Hoepner was born in Frankfurt an der Oder, Brandenburg. He joined the German Army as an officer cadet in 1905, was commissioned as a Lieutenant in 1906 and served as a cavalry officer during World War I, reaching the rank of Rittmeister.
He remained in the Reichswehr in the Weimar Republic and reached the rank of General in 1936. Hoepner was an early advocate of armoured warfare and was promoted to the rank of lieutenant-general and given command of the XVI Panzer Corps in 1938.
Hoepner, often called “Der Alte Reiter” (the old cavalryman), led forces in the invasions of Poland (1939) and France (1940), receiving the Knight’s Cross of the Iron Cross. He was promoted to the rank of colonel-general in 1941 and given command of the Fourth Panzer Group for the invasion of the Soviet Union.
Hoepner pulled back his forces in the face of the massive Russian counteroffensive at Moscow in January 1942 and was relieved of his command by Hitler, dismissed from the Wehrmacht and stripped of his decorations and pension rights. He then launched a successful legal action against the government for the restoration of his pension.
While Hoepner was opposed to the terms of the Treaty of Versailles, he was also an early opponent of Adolf Hitler’s rise to power, and he participated in several conspiracies to overthrow Hitler. In the September 1938, attempt, at the time of the Munich Conference, Hoepner’s forces were assigned the task of suppressing the SS following the planned capture and intended shooting of Hitler in the act of “resisting arrest”; the plot collapsed, due to the capitulation by Chamberlain (which completely undercut the basis for the coup), and Hoepner’s role went undiscovered.
Hoepner played an active part in the earliest conspiracies against Hitler. Like other conservative resisters, Hoepner thought Hitler’s strategic decisions would lead to the ruin of Germany, which was the motivation in the September 1938 plot, in which Hoepner was supposed to use his armored division to impose the surrendering of Hitler’s personal guard, the SS Leibstandarte, and another in October–November 1939, after war had already begun - both involving the very top levels of the Abwehr and the High Command, the Oberkommando des Heeres, or OKH. Following the Fall of France, the fears that Hitler’s expansionist policies would bring ruin upon Germany appeared to have been wrong, and Hoepner, like most opposition generals, even on the OKH, became less critical of Hitler. It was only after Operation Barbarossa had stalled at the gates of Moscow and his humiliating sacking by Hitler, that Hoepner became active again. During his command on the Eastern Front, Hoepner pursued a policy of scorched earth, demanding “ruthless and complete destruction of the enemy” from his soldiers.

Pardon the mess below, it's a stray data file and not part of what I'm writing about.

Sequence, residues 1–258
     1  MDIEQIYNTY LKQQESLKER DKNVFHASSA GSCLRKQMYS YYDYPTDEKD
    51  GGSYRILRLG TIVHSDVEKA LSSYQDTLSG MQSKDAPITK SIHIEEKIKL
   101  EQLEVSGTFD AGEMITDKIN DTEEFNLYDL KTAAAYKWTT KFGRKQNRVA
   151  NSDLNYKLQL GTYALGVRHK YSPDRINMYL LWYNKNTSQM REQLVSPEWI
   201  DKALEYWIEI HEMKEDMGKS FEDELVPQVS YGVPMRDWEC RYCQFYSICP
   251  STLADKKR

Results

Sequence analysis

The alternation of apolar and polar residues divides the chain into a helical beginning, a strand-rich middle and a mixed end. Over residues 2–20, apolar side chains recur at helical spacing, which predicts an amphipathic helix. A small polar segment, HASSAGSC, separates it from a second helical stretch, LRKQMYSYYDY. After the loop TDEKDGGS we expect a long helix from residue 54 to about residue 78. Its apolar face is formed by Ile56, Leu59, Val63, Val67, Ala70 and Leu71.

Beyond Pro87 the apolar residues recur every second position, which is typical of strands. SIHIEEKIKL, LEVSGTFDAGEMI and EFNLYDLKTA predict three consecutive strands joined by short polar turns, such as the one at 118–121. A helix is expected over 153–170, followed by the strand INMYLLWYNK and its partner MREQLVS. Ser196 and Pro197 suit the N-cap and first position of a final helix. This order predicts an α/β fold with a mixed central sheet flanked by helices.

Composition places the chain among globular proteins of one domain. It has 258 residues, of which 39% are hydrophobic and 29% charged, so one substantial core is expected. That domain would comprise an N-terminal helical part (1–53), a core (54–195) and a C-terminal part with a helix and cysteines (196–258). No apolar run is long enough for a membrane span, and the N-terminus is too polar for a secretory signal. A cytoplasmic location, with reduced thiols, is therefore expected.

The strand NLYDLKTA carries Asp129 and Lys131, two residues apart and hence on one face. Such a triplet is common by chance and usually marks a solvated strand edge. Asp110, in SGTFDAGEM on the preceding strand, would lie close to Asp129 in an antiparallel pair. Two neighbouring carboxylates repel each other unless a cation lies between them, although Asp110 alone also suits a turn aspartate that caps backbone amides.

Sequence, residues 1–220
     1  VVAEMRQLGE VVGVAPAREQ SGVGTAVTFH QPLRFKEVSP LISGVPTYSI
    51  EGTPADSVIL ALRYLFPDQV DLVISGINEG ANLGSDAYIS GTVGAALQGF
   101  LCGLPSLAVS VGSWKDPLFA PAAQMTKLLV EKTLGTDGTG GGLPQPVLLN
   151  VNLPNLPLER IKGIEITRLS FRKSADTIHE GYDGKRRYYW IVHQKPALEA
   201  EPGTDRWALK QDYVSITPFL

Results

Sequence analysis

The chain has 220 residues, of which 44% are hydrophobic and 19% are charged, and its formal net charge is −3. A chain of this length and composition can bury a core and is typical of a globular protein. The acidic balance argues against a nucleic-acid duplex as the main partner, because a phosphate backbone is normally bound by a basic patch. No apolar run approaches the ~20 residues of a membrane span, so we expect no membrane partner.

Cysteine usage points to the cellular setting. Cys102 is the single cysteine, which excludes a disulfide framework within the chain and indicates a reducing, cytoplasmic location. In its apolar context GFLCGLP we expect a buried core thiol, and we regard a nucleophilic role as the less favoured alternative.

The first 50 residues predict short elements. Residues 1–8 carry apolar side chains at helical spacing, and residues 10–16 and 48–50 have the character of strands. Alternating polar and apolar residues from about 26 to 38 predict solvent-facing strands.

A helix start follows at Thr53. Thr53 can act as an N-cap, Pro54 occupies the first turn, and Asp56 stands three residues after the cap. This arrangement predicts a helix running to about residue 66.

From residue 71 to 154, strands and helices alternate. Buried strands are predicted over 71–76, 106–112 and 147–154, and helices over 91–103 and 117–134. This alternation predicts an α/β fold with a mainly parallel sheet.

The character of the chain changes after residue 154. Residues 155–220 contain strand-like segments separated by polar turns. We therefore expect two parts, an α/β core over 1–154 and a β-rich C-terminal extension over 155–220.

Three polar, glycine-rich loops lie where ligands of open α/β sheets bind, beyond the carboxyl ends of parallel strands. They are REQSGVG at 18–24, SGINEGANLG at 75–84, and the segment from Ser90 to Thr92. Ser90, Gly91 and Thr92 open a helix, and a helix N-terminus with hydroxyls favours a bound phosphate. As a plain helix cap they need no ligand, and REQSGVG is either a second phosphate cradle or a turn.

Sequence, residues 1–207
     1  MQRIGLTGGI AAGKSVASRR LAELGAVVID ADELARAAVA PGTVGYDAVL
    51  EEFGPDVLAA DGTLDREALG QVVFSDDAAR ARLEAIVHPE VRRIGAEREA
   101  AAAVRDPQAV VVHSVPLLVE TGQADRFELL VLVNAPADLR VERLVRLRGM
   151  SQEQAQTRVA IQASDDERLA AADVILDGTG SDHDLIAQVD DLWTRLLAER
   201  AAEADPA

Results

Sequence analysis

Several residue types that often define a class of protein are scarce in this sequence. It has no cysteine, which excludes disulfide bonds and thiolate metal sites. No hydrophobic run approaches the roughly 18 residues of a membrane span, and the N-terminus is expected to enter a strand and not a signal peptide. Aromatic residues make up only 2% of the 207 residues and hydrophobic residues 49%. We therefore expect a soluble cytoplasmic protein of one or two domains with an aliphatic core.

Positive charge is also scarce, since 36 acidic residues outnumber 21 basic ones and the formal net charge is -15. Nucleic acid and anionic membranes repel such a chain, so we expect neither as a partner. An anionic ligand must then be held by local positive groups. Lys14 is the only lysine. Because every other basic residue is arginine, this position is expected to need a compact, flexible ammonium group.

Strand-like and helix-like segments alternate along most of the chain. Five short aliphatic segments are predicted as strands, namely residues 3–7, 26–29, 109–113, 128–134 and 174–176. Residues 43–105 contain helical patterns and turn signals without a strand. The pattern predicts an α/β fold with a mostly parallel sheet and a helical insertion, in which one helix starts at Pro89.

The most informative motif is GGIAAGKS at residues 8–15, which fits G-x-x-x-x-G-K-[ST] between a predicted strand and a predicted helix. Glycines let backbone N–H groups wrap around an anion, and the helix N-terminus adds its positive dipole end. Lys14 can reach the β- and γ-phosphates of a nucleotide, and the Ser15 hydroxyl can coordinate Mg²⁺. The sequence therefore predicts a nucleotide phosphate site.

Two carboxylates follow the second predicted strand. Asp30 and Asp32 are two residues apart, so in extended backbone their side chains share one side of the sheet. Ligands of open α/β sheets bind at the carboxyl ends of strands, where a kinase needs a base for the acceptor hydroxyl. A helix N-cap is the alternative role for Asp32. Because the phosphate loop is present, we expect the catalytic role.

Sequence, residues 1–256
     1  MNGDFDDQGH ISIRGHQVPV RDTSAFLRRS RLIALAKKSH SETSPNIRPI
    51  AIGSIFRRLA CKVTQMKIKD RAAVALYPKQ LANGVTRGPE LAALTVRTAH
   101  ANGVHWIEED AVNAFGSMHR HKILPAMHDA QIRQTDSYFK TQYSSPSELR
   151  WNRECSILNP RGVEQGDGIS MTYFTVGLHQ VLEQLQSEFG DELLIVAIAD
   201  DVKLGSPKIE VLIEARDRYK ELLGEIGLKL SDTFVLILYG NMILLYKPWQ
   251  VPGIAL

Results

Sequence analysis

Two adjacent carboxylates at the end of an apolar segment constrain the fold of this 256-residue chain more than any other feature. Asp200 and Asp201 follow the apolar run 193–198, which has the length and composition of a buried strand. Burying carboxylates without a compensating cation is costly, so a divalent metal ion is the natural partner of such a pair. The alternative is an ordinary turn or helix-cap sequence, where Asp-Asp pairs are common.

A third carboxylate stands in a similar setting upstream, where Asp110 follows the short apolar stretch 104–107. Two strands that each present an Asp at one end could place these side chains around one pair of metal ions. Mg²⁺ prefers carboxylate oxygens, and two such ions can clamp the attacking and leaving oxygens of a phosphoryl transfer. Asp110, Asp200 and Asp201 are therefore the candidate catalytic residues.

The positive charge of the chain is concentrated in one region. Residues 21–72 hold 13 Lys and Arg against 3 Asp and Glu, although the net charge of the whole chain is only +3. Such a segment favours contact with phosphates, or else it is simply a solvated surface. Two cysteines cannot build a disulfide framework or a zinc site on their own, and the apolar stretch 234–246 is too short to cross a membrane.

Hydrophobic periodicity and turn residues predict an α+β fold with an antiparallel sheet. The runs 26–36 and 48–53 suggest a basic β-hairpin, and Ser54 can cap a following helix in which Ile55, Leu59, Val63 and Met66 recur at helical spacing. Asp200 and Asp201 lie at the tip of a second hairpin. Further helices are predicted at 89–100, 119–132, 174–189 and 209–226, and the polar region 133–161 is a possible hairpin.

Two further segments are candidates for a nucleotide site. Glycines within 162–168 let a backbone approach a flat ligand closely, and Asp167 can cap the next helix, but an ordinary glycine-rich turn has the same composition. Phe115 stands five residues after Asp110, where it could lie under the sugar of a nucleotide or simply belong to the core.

As a commander of the Fourth Panzer Army, he wrote on May 2, 1941: The war against the Soviet Union is the old struggle of the Germans against the Slavs, the warding off of the Jewish Bolshevism. No mercy should be shown towards the carriers of the present Russian Bolshevist system
The commander of the Einsatzgruppe A, Dr Stehlecker, spoke highly of Hoepner and described his relations with him as very close, yes, almost cordial. Hoepner also wrote that Operation Barbarossa represented the defense of European culture against Moscovite-Asiatic inundation, and the repulse of Jewish Bolshevism, adding that destruction of Russia must be conducted with unprecented severity)
Hoepner at the Volksgerichtshof
On 5 December 1941, Hoepner refused to comply with Hitler’s categorical ‘Halt Order’ and ordered a retreat of his forces as they were just before Moscow. In January 1942, he was dismissed from service with the loss of all pension rights. He subsequently instituted a lawsuit against the Reich over his pension rights and won.
Hoepner was a participant in the 20 July Plot in 1944 and was present at the Bendlerblock (Headquarters of the Army) with General Friedrich Olbricht, Colonel Claus von Stauffenberg, Colonel Albrecht Mertz von Quirnheim and Lieutenant Werner von Haeften. Following the failure of their coup attempt, he had a private conversation with General Friedrich Fromm and was not shot by firing squad with the others in the courtyard.
Having already been dismissed from the Wehrmacht in 1942, he was arrested that night and then tortured by the Gestapo, given a summary trial by the Volksgerichtshof and sentenced to death. Like other defendants including Erwin von Witzleben, Hoepner was made to wear ill fitting clothes and was not allowed to have his dentales as a humiliation in his trial. Although judge Roland Freisler continued to brutally verbally attack Hoepner, even Freisler objected to Hoepner being made to dress in such a way. Hoepner was hanged on 8 August, in Berlin’s Plötzensee Prison.
Just as an aside: Dr Stehlecker, commanding the Eisengruppen A is probably not my idea of a great character witness.